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Wordsworth : a life

Author: Juliet R V Barker
Publisher: New York : Ecco, 2005.
Edition/Format:   Book : Biography : English : 1st American edView all editions and formats
Database:WorldCat
Summary:
Orphaned and dependent on the charity of unsympathetic relatives, Wordsworth became the archetypal teenage rebel. He went to Revolutionary France, where he fathered an illegitimate daughter and became a committed republican. His poetry was as revolutionary as his politics, challenging convention in form, style, and subject, and earning him the contempt of critics. Only the encouragement of a group of supporters,  Read more...
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Details

Genre/Form: Biography
Named Person: William Wordsworth
Material Type: Biography
Document Type: Book
All Authors / Contributors: Juliet R V Barker
ISBN: 0060787317 9780060787318 9780060787363 0060787368
OCLC Number: 60188462
Notes: Includes index.
Description: xviii, 548 p., [16] p. of plates : ill., map, geneal. tables ; 24 cm.
Contents: The child is father of the man pre; 1770-83 --
A poor, devoted crew; 1784-7 --
Squandered abroad; 1787-90 --
A vital interest; 1799-92 --
A patriot of the world; 1793-4 --
Benighted heart and mind; 1794-6 --
A sett of violent democrats; 1796-8 --
The giant Wordsworth; 1798-9 --
The concern; 1799-1800 --
Home at Grasmere; 1800-1802 --
The set is broken; 1802-5 --
Acquiring the quiet mind; 1805-6 --
The convention of cintra; 1807-9 --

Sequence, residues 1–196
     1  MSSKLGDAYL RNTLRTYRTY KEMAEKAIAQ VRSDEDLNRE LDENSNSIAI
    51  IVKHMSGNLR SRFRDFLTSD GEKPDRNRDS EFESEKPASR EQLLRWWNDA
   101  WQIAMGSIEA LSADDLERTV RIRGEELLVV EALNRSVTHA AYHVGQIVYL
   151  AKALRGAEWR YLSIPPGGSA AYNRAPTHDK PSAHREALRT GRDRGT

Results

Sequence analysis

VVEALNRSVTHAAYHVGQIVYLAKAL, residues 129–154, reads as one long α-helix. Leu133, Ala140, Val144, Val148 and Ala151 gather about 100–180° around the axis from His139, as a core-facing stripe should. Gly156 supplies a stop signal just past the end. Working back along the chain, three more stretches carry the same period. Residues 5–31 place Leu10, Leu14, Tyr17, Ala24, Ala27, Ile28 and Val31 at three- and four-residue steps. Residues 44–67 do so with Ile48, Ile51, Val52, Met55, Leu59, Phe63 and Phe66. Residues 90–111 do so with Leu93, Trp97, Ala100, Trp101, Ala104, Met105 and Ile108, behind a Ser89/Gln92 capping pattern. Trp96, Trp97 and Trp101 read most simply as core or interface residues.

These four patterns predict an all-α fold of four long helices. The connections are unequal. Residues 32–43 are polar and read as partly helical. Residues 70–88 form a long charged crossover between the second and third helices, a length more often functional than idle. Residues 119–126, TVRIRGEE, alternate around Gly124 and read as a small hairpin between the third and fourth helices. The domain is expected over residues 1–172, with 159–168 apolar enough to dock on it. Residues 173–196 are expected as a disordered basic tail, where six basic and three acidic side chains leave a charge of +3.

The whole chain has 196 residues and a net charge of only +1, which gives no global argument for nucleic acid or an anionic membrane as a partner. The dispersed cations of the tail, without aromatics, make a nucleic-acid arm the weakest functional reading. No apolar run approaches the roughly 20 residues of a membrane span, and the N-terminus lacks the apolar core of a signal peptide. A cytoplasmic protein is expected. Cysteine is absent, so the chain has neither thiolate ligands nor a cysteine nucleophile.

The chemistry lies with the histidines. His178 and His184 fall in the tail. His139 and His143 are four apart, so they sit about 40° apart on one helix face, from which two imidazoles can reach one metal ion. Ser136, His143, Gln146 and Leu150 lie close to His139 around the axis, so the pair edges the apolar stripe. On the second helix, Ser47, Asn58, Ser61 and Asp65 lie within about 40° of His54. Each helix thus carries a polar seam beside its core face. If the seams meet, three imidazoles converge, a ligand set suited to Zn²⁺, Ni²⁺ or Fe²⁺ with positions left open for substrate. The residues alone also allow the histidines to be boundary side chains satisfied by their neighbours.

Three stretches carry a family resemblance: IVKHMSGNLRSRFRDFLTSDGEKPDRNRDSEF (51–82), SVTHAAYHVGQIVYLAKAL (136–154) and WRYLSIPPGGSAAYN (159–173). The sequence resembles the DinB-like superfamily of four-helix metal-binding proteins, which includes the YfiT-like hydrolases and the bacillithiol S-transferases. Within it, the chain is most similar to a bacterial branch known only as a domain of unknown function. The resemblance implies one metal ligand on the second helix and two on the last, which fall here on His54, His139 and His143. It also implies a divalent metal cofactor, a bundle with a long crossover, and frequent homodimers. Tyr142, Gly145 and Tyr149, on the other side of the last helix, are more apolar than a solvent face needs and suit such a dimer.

The blessedest of men! ; 1809-11 --
Suffer the little children; 1811-12 --
The excursion; 1813-14 --
Increasing influence; 1814-16 --
Bombastes Furioso; 1817-20 --
A tour of the continent; 1820-22 --
Idle Mount; 1823-6 --
Shades of the prison-house; 1826-9 --
Furiously alarmist; 1829-33 --
Falling leaves; 1833-6 --
Coming home; 1836-9 --
Real greatness; 1893-42 --
Poet Laureate; 1842-5 --
Fixed and irremovable grief; 1845-7 --
Bowed to the dust; 1847-50 --
Epilogue; 1847-50.
Responsibility: Juliet Barker.

Abstract:

Orphaned and dependent on the charity of unsympathetic relatives, Wordsworth became the archetypal teenage rebel. He went to Revolutionary France, where he fathered an illegitimate daughter and became a committed republican. His poetry was as revolutionary as his politics, challenging convention in form, style, and subject, and earning him the contempt of critics. Only the encouragement of a group of supporters, above all Coleridge, kept him true to his poetic vocation. In the half-century that followed, his reputation was transformed. His advocacy of imagination and feeling touched a chord in an increasingly industrial, mechanistic age, and his influence was profoundly felt in every sphere of life. In the last decade of his life, his home became a place of pilgrimage for people who came to pay their respects to his genius. His legacy, as a poet and as the spiritual founder of the conservation movement, remains with us today.--From publisher description.

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